Crisis in a Fulcrum Nation
What happens when a fulcrum for a balance itself becomes unbalanced?
Turkey, in many ways, has acted as a fulcrum between the West and Islamic nations for decades, balancing the interests of both camps even as it struggles within itself to reconcile its Muslim roots with more recent efforts to Westernize its 65 million people.
It's also a NATO ally, a friend to Israel, and yet the leader of peacekeeping forces in largely Muslim Afghanistan. Turkey also may become a key launching pad for a US war on Iraq.
All that is reason enough to watch the current political crisis caused by last week's collapse of the coalition government.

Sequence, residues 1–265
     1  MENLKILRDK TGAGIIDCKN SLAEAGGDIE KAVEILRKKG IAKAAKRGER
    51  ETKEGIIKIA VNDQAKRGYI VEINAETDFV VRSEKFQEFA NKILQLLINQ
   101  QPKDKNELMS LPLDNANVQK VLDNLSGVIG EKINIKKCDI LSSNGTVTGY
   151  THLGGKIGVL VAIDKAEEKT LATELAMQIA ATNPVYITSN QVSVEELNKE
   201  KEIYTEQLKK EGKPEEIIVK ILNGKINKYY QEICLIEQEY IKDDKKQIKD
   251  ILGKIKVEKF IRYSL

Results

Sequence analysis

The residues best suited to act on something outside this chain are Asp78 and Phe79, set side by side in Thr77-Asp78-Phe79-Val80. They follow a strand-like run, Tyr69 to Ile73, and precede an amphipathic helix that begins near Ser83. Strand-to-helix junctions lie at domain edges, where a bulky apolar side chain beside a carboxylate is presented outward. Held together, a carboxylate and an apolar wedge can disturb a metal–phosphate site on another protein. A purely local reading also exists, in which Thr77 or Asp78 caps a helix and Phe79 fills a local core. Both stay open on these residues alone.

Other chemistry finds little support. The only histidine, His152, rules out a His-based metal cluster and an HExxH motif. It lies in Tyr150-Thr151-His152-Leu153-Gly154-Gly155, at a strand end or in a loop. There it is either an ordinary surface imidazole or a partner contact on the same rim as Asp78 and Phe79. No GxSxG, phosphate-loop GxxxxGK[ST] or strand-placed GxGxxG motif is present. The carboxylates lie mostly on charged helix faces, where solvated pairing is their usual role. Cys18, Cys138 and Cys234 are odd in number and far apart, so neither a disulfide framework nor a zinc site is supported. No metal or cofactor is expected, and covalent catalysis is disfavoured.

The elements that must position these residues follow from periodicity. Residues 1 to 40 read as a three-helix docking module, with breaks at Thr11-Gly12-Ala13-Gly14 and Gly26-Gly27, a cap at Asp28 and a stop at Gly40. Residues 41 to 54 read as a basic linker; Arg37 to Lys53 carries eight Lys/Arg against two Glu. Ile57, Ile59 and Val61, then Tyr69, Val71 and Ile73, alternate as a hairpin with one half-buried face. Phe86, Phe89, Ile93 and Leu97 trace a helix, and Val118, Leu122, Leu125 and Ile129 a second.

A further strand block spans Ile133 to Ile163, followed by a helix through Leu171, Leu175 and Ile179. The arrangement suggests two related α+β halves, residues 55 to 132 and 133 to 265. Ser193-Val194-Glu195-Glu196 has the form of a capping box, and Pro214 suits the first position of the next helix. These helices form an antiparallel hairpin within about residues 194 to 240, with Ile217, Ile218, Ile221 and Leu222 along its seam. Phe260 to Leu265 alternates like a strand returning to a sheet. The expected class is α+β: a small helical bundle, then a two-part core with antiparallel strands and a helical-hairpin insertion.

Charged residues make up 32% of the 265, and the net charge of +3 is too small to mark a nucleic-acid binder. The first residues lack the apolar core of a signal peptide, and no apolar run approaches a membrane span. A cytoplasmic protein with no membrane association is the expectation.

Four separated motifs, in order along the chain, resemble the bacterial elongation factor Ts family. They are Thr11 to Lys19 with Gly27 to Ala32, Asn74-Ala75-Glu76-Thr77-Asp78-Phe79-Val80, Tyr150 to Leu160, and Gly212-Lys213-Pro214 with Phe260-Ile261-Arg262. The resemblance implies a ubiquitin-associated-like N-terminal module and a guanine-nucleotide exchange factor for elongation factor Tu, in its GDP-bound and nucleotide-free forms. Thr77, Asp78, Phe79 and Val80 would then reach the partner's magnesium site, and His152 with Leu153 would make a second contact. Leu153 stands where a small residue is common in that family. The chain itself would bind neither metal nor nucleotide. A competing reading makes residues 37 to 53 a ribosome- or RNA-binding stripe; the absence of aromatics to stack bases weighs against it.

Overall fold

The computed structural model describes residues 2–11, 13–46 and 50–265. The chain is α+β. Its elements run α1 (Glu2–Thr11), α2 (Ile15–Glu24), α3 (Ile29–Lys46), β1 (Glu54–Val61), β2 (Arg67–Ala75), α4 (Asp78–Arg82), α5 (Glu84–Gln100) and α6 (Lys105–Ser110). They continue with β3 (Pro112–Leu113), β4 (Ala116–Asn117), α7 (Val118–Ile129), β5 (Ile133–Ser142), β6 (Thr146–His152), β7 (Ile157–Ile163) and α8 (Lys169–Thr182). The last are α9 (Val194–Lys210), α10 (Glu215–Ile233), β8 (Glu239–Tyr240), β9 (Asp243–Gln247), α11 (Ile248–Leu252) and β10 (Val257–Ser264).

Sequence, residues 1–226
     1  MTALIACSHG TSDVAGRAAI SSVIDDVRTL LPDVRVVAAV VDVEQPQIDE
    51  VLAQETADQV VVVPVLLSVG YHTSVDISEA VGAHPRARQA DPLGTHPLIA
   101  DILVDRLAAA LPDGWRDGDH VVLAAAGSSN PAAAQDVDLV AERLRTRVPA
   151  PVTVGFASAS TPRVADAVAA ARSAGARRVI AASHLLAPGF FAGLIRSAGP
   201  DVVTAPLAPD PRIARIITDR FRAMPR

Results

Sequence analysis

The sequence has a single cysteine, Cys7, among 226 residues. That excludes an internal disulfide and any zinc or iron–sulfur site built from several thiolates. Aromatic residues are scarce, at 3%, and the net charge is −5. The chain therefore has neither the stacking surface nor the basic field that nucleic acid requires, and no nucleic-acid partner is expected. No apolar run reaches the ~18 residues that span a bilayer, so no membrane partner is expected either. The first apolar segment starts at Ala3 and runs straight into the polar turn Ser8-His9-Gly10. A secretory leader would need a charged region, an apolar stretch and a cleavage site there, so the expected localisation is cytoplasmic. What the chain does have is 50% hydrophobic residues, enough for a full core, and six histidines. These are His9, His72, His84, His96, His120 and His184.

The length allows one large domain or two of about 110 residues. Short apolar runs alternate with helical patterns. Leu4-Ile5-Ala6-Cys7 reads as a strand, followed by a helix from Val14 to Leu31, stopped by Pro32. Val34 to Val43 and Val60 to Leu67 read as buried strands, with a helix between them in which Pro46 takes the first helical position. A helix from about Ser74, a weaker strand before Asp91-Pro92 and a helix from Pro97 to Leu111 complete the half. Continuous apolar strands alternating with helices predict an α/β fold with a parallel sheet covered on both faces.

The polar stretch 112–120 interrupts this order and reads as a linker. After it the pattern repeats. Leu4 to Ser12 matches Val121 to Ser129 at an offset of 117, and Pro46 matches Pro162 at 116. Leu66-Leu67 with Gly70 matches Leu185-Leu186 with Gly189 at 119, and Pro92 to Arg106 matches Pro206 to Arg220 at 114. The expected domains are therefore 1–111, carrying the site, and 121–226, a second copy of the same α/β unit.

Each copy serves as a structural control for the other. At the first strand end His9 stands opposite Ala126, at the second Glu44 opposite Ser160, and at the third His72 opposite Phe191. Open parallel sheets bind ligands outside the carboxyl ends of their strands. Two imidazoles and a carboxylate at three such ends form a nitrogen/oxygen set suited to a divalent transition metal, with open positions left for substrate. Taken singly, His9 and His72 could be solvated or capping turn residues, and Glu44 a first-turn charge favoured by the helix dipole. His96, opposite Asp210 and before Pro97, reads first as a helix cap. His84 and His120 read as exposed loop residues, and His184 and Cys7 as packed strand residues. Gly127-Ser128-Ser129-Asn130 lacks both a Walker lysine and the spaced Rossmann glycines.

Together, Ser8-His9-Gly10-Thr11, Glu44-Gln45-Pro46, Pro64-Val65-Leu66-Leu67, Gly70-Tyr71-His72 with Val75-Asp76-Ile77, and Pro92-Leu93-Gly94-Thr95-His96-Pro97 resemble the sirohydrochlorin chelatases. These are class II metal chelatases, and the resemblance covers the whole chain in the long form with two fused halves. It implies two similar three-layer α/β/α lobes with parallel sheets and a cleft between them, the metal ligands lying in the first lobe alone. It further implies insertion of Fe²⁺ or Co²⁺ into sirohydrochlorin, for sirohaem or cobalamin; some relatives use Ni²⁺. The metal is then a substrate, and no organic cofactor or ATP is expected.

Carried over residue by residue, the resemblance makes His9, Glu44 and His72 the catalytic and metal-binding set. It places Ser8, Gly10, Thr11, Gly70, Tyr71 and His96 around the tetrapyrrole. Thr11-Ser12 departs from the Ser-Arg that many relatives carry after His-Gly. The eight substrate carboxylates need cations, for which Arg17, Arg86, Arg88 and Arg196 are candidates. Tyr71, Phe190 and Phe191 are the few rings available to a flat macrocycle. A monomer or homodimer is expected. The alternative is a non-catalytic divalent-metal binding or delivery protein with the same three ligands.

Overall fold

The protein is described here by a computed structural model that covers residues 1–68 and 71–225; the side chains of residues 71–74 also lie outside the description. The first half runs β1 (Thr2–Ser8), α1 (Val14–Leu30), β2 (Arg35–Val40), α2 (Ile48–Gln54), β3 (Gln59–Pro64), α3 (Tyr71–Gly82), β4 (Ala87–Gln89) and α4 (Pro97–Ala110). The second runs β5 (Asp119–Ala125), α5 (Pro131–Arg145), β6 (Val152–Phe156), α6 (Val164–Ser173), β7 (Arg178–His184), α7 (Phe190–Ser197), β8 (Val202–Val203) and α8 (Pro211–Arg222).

The main reason for the collapse was a deep dispute over whether to end the death penalty to meet a key requirement to join the European Union. An inability to reach a consensus reflects the long-endured weakness of Turkey's democracy caused by an Army still holding too much influence over national policy.
Bad governance has also weakened the economy. Turkey is now the largest recipient of loans from the International Monetary Fund.
The US and other nations can do little to patch up Turkey politics, even though the nation plays a pivotal global role. But the Turkish people, knowing they carry such a responsibility, can insist on better leadership.